Contemplating story time

Published: November 28, 2013

The Daily Telegraph reported on Monday that Michael Morpurgo, the former children’s laureate, has called on the government to reinstate ‘story time’ in all schools, saying children must have time in the day for contemplation without being tested.  He is concerned that children are introduced to books and reading merely to learn spelling and punctuation rather than to love reading or stories.  It is a concern I share, not just with regard to reading but about many aspects of our children’s education, where testing from an early age has become the norm.  As a governor of a local fantastic primary school I am thankful for the many teachers who manage to get the test results that satisfy some but who teach primarily because they want children to love learning and discovering life.

I am especially interested by Michael Morpurgo’s comment about the need for children to contemplate. He doesn’t say what they should or may contemplate but I think stories are a wonderful way to contemplate our own place in life, our dreams and desires, our hopes and our fears.  I think children often do this quite naturally when given space and time to do so, unhampered as they are by many of the pressures of life or other experiences.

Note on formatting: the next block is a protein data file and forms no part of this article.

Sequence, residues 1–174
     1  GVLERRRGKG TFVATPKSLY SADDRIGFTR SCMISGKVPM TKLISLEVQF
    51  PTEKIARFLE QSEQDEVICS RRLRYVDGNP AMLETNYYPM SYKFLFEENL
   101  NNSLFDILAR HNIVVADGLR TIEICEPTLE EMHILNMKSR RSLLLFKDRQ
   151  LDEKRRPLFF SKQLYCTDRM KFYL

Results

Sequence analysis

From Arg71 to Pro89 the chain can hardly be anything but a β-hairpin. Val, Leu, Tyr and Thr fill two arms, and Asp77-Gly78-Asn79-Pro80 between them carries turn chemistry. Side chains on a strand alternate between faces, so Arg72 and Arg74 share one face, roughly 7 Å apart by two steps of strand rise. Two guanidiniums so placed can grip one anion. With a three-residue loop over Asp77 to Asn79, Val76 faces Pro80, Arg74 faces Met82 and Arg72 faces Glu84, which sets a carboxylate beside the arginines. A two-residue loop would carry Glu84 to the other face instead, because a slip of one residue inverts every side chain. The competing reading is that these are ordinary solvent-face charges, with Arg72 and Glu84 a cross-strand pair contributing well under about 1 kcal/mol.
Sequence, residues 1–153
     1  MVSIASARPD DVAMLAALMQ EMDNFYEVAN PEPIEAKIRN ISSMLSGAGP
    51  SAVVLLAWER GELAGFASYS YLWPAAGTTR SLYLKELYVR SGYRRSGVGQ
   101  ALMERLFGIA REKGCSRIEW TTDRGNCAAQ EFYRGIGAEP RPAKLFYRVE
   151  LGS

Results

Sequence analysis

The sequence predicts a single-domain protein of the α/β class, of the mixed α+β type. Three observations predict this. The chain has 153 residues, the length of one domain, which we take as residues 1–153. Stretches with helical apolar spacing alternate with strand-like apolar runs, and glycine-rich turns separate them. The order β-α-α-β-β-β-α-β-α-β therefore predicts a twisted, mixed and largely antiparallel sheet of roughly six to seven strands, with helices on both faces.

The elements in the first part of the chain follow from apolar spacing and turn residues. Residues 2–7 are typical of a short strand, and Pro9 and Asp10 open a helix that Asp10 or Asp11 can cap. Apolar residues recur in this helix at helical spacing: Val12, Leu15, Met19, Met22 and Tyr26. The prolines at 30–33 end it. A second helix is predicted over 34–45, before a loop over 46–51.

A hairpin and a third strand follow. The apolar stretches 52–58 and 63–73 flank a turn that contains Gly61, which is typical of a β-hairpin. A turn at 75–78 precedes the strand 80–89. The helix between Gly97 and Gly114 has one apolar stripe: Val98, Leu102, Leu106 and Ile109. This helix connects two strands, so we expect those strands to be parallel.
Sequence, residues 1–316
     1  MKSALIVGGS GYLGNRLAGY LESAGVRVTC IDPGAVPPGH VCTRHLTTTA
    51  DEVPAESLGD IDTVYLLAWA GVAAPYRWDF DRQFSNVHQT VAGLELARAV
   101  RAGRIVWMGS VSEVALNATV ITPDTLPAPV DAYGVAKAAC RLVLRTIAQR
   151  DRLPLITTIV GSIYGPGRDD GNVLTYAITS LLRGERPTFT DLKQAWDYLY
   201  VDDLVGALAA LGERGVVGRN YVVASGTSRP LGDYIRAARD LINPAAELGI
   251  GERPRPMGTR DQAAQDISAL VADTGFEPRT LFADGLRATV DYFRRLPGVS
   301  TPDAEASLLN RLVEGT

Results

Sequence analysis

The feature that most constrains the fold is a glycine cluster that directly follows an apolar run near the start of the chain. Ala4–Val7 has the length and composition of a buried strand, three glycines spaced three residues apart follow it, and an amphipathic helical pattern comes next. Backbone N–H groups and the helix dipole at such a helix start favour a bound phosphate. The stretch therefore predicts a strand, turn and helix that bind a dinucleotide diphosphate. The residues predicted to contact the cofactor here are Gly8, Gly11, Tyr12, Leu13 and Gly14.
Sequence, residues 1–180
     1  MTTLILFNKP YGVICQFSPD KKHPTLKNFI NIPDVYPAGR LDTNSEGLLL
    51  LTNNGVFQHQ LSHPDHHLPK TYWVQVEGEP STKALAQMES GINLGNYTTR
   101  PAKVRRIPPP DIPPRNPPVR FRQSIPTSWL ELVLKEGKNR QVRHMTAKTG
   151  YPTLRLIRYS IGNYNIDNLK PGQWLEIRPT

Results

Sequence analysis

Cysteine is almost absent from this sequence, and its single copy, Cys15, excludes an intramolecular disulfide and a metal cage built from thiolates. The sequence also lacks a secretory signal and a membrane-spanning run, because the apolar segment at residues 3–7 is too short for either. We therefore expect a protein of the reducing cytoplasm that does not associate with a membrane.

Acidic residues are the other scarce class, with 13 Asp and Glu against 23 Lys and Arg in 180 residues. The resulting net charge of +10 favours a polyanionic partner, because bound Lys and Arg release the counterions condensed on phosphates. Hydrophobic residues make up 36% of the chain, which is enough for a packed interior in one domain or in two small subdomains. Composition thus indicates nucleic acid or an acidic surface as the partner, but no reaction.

As Advent approaches I find myself, as I do each year, reading once again the oh-so familiar story of the nativity, remembering that it is part of a bigger story of God’s love for the world and all people, and encouraging people to ponder their place in that story. Perhaps our carol services and crib services should be viewed as seasonal ‘story times’ which give people the chance to contemplate – to contemplate the story and their own story, their hopes and fears, or dreams and desires and their place in life and in that big story of God and the people he loves.

by the Revd Rachel Rosborough, Rector of Bourton-on-the-Water, Clapton and the Rissingtons.

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